Last time we talked about Sally, who had come to management saying she was being “harassed” and was working in a “hostile work environment.” Management took her to HR. But then what?
Too often, what happens next is one of two things. If Sally is a difficult employee, has been known to complain in the past, or if the person she is complaining about is well liked, the inclination is to dismiss Sally’s complaint and do nothing. The other thing that often happens at this point is that a formal investigation is immediately started – either internally or by bringing in an external investigator. Either of these might be the correct response…BUT NOT YET. Without knowing more about the issue, it is not possible to determine what steps should be taken. Just because an employee uses words like “harassment” or “discrimination” or “hostile work environment,” it does not necessarily mean you will need to conduct a full-blown investigation.
The first thing to do (after taking the steps described last time to protect the employee and assure the integrity of any future investigation), is to perform a high-level review of the facts as Sally presents them. Here are some things you should consider in deciding about next steps:
- Determine whether Sally’s complaint is general (e.g., Henry is mean and unfair in the way he treats his staff) or specific (e.g., yesterday he gave Sally a frontal hug, stroking her back and making her very uncomfortable.)
- If what Sally is telling you is new to you, listen carefully in a neutral, non-judgmental manner, and take notes without making any editorial comments.
- If what Sally is telling you is not new, determine whether prior complaints about the issue she is raising have been looked into. If they were, what happened? If they were not, why not? Use this information as part of your guide for action.
- Not all complaints require an investigation. If Sally’s complaint is more general in nature, it may require an organizational assessment or an assessment of the skills of the manager, rather than an investigation.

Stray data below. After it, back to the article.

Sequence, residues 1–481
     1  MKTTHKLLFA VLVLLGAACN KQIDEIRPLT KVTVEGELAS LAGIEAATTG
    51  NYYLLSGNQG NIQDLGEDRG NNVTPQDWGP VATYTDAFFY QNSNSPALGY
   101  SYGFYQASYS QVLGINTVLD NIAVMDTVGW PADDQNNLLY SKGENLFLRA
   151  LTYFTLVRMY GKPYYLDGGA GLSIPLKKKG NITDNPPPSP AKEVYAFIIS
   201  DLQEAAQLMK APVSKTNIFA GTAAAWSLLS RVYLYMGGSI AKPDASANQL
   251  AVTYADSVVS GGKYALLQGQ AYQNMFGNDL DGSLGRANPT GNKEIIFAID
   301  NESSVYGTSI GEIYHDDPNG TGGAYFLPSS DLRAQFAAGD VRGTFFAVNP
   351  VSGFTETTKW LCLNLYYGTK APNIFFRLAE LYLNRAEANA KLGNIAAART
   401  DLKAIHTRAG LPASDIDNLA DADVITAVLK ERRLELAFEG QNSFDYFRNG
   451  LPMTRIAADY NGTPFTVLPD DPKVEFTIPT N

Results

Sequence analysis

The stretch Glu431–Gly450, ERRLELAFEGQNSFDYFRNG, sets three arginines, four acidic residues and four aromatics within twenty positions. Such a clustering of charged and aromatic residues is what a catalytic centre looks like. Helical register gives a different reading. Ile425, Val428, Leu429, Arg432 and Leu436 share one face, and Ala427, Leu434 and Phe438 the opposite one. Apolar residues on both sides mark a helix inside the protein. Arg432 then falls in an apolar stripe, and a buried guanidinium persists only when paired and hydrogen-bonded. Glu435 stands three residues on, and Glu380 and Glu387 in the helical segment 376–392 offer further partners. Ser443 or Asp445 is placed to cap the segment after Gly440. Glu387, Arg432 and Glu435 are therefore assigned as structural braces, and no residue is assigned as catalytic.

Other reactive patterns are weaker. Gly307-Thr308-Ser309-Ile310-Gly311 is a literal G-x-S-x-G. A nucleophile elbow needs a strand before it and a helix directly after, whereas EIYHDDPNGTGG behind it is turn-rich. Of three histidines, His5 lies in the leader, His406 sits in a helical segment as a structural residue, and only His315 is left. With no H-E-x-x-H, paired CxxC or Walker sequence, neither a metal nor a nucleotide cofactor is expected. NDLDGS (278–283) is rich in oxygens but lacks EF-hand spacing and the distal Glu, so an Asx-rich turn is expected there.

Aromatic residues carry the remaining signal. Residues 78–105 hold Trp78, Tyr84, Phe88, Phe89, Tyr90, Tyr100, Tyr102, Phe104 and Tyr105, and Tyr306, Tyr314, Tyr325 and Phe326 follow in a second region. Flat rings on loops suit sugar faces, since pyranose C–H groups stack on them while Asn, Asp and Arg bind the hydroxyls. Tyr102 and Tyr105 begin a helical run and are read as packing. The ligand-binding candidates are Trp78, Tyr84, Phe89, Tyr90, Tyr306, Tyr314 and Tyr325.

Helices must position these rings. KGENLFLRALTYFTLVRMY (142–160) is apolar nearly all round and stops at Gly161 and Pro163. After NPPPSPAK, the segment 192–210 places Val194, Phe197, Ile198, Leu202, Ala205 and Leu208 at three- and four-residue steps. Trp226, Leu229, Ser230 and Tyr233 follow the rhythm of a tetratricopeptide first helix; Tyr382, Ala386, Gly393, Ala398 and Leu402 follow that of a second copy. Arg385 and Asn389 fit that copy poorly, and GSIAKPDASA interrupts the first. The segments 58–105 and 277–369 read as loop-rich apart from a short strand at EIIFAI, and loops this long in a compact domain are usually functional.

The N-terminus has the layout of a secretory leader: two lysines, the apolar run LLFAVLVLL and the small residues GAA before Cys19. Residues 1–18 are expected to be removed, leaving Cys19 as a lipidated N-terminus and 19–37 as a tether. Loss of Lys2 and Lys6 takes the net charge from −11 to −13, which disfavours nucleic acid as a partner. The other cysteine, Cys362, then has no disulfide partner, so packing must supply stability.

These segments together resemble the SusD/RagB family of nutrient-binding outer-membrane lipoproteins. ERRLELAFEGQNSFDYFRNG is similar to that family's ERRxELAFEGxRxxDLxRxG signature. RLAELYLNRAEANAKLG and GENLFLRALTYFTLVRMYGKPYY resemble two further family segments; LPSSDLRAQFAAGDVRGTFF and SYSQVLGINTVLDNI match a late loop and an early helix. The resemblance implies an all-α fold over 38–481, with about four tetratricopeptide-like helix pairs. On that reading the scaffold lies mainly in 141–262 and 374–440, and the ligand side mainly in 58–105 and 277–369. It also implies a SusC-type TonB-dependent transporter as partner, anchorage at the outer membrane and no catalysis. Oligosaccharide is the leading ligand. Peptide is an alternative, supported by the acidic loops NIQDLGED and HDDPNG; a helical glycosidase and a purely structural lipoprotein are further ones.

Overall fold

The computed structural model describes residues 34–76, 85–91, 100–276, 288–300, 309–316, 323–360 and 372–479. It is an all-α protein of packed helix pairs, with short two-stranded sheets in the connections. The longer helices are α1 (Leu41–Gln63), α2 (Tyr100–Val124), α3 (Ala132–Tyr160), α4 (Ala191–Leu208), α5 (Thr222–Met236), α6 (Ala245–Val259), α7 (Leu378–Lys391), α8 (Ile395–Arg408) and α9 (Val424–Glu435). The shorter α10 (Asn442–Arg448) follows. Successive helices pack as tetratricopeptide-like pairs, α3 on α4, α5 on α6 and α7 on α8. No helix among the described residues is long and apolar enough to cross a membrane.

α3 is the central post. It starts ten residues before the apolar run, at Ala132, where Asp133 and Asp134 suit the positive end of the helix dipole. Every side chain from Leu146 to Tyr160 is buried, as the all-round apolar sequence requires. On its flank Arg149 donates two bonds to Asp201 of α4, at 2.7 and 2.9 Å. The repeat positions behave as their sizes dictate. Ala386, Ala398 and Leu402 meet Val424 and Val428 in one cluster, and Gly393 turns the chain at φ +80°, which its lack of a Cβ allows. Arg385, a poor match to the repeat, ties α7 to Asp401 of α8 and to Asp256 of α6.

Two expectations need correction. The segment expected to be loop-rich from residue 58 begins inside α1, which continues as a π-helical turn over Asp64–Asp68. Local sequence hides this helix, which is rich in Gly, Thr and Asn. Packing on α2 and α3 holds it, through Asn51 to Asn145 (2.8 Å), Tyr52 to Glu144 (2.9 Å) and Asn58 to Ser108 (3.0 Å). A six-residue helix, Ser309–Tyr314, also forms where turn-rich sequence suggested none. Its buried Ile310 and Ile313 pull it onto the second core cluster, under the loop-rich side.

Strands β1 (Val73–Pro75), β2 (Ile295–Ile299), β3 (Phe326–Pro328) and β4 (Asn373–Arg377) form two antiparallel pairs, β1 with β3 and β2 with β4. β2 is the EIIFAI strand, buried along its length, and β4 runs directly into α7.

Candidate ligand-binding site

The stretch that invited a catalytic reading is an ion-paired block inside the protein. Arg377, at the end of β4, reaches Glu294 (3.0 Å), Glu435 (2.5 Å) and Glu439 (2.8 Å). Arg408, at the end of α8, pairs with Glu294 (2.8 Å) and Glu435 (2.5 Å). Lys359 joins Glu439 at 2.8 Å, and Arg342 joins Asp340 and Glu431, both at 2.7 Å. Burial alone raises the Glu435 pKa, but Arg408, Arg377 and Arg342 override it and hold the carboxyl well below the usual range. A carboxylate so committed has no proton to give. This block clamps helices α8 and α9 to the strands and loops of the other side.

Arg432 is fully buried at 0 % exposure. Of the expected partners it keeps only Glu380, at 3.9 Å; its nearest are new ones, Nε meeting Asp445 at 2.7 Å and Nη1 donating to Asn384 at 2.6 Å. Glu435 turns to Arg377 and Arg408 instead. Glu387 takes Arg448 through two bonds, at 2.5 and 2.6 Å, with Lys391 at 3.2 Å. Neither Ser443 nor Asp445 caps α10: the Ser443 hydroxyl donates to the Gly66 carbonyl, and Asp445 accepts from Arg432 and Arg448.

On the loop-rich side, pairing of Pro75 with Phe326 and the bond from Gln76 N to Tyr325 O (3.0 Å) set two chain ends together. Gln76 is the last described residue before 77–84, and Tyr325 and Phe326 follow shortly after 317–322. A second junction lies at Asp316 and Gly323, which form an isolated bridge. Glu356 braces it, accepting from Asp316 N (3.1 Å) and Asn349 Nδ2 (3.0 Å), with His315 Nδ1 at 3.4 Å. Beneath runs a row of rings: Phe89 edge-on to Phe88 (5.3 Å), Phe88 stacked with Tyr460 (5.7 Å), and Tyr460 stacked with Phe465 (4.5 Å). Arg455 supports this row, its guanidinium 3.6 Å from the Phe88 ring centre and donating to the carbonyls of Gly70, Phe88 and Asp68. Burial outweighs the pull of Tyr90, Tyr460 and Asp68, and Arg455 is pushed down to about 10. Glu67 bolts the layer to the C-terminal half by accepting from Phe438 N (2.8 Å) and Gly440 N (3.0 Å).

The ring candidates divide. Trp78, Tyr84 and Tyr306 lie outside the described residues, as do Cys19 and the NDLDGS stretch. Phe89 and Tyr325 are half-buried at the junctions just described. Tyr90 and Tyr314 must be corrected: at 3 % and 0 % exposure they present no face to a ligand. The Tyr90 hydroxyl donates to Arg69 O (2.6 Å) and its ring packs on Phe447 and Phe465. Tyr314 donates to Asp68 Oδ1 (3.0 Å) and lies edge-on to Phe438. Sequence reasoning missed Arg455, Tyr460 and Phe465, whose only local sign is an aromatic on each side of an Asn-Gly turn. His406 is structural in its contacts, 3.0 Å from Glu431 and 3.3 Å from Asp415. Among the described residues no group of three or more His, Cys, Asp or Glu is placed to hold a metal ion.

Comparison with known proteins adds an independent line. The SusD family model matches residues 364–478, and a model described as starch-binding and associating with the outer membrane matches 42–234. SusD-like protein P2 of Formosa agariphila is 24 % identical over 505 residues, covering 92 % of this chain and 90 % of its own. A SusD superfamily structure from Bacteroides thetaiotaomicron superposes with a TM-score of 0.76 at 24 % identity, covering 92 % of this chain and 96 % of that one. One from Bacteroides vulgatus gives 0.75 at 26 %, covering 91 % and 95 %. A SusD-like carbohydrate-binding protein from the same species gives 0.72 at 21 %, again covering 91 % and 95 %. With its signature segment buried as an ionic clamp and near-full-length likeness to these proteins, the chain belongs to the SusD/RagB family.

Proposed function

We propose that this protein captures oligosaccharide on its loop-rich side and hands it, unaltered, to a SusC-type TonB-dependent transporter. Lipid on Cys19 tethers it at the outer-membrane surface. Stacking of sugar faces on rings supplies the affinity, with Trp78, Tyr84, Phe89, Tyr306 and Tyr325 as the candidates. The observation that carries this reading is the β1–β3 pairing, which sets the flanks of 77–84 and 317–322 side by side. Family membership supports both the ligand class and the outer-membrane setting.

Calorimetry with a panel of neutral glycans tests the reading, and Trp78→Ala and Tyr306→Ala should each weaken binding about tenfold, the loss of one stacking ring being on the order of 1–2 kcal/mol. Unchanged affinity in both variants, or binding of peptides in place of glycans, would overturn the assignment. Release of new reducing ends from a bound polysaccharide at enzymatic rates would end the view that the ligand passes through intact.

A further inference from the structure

- If Sally’s claim leads you to believe that your policies (or laws) may have been violated, are these violations of policies/laws against discrimination, harassment, ethics, employee conduct, etc.? If not – Sally may still be unhappy, and her unhappiness will still need to be addressed, but not from a policy violation perspective and not by an investigation.
It is very important to understand the basics of the problem or issue before addressing it. In many of the investigations I have conducted over the years, I’ve not seen that anything illegal has happened. In fact, frequently no company policies or laws have even been violated, and sometimes the employer could have determined that quickly without even calling me. In many of these cases what I have seen is poor communication, employees who are unhappy for a variety of reasons, and supervisors and managers who may have good technical skills but don’t have people skills.
- Don’t ignore employee complaints.
- Employees don’t have to come to you with their complaints – they can go directly to their attorney or an outside rights agency. If they do that, it will cost you a lot more (time, money, good will and reputation). Create a workplace where employees want to resolve their issues internally by coming to you rather than going outside.
- If you can’t be neutral in hearing an employee complaint (without assuming there either is or is not a violation of policies or laws), have someone else deal with the situation.
- Respond appropriately. If it’s likely an allegation of a violation, investigate. If it’s likely a complaint of poor supervision, management, communication, etc., you may need to assess the situation further, but you likely won’t need to investigate.
So, before either dismissing a complaint that is brought to you, or immediately beginning a full-blown investigation, take the time to really assess what you know and determine the best way to approach the situation. You’ll be much more satisfied with the results!
Have you responded to an employee complaint with an assessment rather than an investigation? What happened? We’d love to hear! ~Daphne Schneider